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Sep 23 / Roson

The Road Ahead with soybeans futures and others

I will continue with the soybeans futures market and get to learn more about it.  I also need more information to support my judgement calls besides weather.


First of all, since, as a raw material, soybean is the primary source of biodiesel in the united states [1].  It is important to look at the biodiesel market. What happens in the biodiesel market (e.g. supply & demand of biodisesel,  policy on boidisel, etc) would cause direct or indirect  impacts on the soybeans futures market.  Secondly, I could study the close substitutes to soybeans for human consumption (e.g. other beans or legumes that are high in proteins,etc.) and for the production of bio fuels (e.g. canola, corn). Change in one market might affect the other market due to the substitution effects.  Lastly, I should study the matter related to the storage of soybeans.  The quantity and quality of soybeans are being stocked up by the producers over the seasons would make a difference on the soybeans futures market too.


On the other hand, the price of soybeans futures appear to have a upward trend over the months of May to August this year due to the drought. For example, the graph below shows that the price of soybeans Jan 2013 contracts is gnerally going upward from May to August. This upward trend reflects the expectation of the tightened soybeans supply as the drought continues.  However, it also appears that the price trend has turned to go downwards since the beginning of September. Is it to do with the harvest that the harvest is better than expected?  I should pay attention to this and see what is happening.


Soybeans Futures Jan 13 (May-Sep, 2012)

Price chart of soybeans futures
Jan 13 contracts from May to Sept. 2012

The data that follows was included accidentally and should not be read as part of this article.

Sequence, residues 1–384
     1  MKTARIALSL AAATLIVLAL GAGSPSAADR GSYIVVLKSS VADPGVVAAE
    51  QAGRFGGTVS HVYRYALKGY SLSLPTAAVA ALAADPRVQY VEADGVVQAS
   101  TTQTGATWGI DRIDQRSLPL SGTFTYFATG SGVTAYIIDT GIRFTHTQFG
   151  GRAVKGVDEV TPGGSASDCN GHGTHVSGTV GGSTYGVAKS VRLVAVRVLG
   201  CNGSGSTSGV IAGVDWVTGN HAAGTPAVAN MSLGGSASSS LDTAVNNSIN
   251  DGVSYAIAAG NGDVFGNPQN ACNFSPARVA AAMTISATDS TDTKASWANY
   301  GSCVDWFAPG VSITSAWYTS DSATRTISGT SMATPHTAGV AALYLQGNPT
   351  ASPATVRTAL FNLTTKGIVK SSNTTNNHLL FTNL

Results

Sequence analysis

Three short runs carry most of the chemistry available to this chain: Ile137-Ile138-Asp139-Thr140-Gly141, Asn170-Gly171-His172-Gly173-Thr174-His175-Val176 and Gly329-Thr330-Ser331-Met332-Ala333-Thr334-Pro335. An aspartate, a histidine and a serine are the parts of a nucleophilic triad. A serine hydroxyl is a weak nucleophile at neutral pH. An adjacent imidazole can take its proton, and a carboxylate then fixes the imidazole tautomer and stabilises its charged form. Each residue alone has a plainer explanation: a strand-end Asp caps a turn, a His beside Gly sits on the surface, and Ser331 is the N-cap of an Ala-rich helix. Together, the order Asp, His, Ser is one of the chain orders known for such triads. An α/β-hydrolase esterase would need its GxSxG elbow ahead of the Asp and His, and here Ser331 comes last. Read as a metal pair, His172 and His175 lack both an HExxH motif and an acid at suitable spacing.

Source: CME Group, Agriculture Products, Soybeans Futures [2]

I could start looking at the corn or wheat futures market if time allows.


1. Wikipedia. (2012, Sept.). Soybean. Retrieved from

2. CME Group. (2012, Sept.21). Soybeans. Retrieved from


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  1. gulsana / Sep 23 2012

    Hi Roson,
    Well, I am impressed by your blog. It is very well organized, and your thoughts are very clear.
    I see you are going to prepare more for the next week.
    I like your idea checking the usage of soybeans in other markets as a raw material. You are right; the market of biodiesel may have impact on prices in case an increase of demand from that side of the market. Furthermore, from my experience I have to say that I did make a mistake not looking at countries reserves. You are paying right attention on that. I thought that because of globally tight supply of soybeans and significant demand from China there would be a price increase in CBOT; however, I did not take into account government’s reserves, so as a result I encountered with substantial loss.
    I also recommend you to check a global supply and demand for soybeans. The South America is one of main producers of soybeans, and planting season is basically October and November, so there will be news on that. It is expected if the weather in that part of the world is as expected, there will be a sufficient supply of soybeans to replenish shortage; however, there is fear that the likelihood of the dry weather can cause the negative outcome.
    And, from my point of view that I am making some predictions that USA is the main exporter of soybeans, even though it had an improvement of harvest in September, it had dealt with an extreme drought that the outcome of that was substantial for USA. What I want to say that corn production is significantly low in this year and it is used for animal feed industry, so because of relatively close substitution of corn and soybeans as a livestock feed, there might be an increase of demand and the shortage of export by USA.
    In addition to these, as you said we have to follow USDA’a report on USA’s harvest because, even though, the late rain did improve harvest, overall the severe drought did its job, so the late harvest may not be sufficient to fill the shortage.
    Internet sources:

  2. Roson / Sep 24 2012

    Thanks Gulsana for your comment and suggestions. You are right. That little rainfall at the beginning of the week didn’t change much to what the drought has already done and continued to. It’s the harvest season for soybeans, and corns, and soon for wheat. The daily news would provide good information for any price volatility even though we supposed an increase of price due to expected future shortage… of course, there’s much more to learn down the road. It’s been fun and exciting so far. =]

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